The map of Arnold’s 1883-84 North American lecture tour renders a striking visual of how closely his tour stuck to the major American rail lines. According to the maps, he deviated from the rails only six times: Oberlin College, Hamilton and Aurora, NY, and Concord, Salem, and Taunton, MA. This visual reminder of Arnold’s intimate acquaintance with the American railway system affords us pause to consider the role that trains played in Arnold’s life and, more importantly for this research project, the passing role trains played in Arnold’s criticism of America after his return from the lecture tour.
Contexts - Historical and Biographical
It is easy to take for granted that 19th century travel relied heavily on the railway system’s emergence. However, some scholars consider the railway system’s establishment in England one of the Victorian era’s defining starting points. Certainly, Thackeray himself wrote, “Your railroad … starts the new era, and we of a certain age belong to the new time and the old one…. We elderly people have lived in that prae-railroad world, which has passed into limbo and vanished” (qtd. Altick 75). The sheer speed at which the railway system expanded across England - changing the physical, social, and political landscape as it so did - became a point of nationalist pride, a sort-of guiding metaphor for the expanding British Empire and a symbol of its commercial power.
To Matthew Arnold, though, the British railway system produced mixed results. Whereas the trains brought formerly isolated towns and people into necessary contact with new ideas and cultures, thus reducing the “provincialism” that Arnold isolated as one of the Englishman’s greatest roadblocks to culture (“narrowness, one-sidedness, and incompleteness”), it also became an empty symbol of Britain’s national importance. In Culture and Anarchy he lampoons Mr. Bright who says to his constituency, “See what you have done! I look over this country and see the cities you have built, the railroads you have made...! I see that you have converted by your labours what was once a wilderness, these islands, into a fruitful garden; I know that you have created this wealth, and are a nation whose name is a word of power throughout all the world.” In response to this bombast, Arnold asks, “[W]hat are railroads but machinery?” - “machinery” being merely “external doing” of “varying value as its relations to the intelligible law of things vary” and “not absolute goods in themselves.” His famous mouthpiece Arminius in Friendship's Garland says the following about the British pride in their railway system, and the paradox at its heart:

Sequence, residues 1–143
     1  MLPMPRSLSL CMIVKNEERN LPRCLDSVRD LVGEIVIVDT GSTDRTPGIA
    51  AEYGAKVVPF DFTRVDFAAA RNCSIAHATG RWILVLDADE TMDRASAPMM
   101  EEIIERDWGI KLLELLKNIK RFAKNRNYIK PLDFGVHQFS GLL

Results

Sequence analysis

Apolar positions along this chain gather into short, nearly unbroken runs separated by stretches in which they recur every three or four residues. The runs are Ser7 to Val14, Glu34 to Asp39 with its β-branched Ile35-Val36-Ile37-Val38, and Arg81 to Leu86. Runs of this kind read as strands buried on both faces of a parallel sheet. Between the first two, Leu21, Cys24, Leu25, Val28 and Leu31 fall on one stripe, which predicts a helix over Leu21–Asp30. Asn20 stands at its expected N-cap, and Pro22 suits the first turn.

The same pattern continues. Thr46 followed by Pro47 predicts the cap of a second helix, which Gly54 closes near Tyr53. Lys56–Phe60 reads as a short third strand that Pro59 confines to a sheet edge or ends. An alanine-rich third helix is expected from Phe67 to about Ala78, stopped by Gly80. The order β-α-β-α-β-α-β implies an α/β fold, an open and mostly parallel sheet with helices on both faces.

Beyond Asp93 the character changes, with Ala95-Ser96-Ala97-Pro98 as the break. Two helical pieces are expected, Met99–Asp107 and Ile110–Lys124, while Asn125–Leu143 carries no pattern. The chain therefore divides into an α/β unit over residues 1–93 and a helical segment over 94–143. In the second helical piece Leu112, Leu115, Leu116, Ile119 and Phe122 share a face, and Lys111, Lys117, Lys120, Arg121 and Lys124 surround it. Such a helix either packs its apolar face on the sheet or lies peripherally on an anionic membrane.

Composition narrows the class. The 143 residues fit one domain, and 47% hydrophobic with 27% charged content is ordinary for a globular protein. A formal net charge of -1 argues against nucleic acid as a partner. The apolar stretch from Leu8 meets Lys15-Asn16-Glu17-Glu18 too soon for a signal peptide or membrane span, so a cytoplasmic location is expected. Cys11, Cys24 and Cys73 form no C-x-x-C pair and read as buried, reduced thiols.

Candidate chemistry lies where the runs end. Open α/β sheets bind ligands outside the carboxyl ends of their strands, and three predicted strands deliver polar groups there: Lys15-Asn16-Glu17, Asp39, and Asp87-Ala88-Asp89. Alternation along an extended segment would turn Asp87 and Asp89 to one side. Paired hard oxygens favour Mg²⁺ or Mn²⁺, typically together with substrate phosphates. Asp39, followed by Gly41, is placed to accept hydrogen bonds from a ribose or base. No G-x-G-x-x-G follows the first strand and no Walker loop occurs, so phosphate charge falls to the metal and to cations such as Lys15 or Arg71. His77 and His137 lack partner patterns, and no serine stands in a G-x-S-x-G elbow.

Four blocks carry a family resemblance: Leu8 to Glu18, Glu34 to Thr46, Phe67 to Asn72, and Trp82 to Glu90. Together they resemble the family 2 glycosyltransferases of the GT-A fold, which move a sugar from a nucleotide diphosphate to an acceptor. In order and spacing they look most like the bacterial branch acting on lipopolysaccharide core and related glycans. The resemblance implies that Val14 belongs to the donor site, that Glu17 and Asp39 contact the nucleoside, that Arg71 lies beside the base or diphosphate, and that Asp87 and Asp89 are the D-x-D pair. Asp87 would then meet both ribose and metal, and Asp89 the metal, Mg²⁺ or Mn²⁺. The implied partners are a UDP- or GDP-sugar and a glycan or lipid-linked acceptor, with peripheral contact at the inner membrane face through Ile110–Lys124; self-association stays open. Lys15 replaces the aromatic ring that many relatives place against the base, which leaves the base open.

"Your middle-class man thinks it is the highest pitch of development and civilisation when his letters are carried twelve times a day from Islington to Camberwell, and from Camberwell to Islington, and if railway-trains run to and fro between them every quarter of an hour. He thinks it nothing that the trains only carry him from an illiberal, dismal life in Islington to an illiberal, dismal life in Camberwell."
Despite misgivings about the railroad’s importance in the national consciousness, Arnold depended upon the railroad for his occupation as an Inspector of Schools (HMSI). From his earliest days as an HMSI, Arnold lamented the time he had to spend on trains. “What a filthy line is the Eastern Counties,” he says very early in his career, “and what bad carriages” (Letters I.255). In a much more forthright letter just a few days later, he writes that the constant riding on trains is “positive purgatory” (Letters I.257). So often in the letters a careful reader sees Arnold rushing through a train depot, hastily stuffing a bun into his mouth before boarding the train to meet with pupil teachers or to read examinations in a far-flung county. Such a life on the rails continued throughout Arnold’s career. It seems fitting, then, that when Arnold joined the wave of British literati lecturing in America, this first trip to North America was forged by Scottish-American steel magnate Andrew Carnegie whose fortune grew in part thanks to America’s railroad. No eminent Victorian knew life on the rails more intimately than Arnold, and arguably there is no writer whose attitude towards them is more worthy of consideration.
American Trains and English Culture
Arnold never lost an opportunity to make practical application of his experiences - this is clear to any close reader of his collected works, despite what detractors in his own time and ours may say. Moreover, he often made metaphors and phrases from his experiences, which he often returned to in his work (think, for example of “deceased wife’s sister” or of the character “Bottles”). Railway metaphors can be traced all the way back to Arnold’s poetry, like the following from “The Buried Life”: “But hardly have we, for one little hour, / Been on our own line, have we been ourselves” (246, emphasis mine). Appropriately, when Arnold returned from his first lecture tour and wrote “A Word More About America” (CPW X. 194-217) he used his experiences to contrast American and English “progress” during the long 19th century, and uses the railway system to help prove his argument.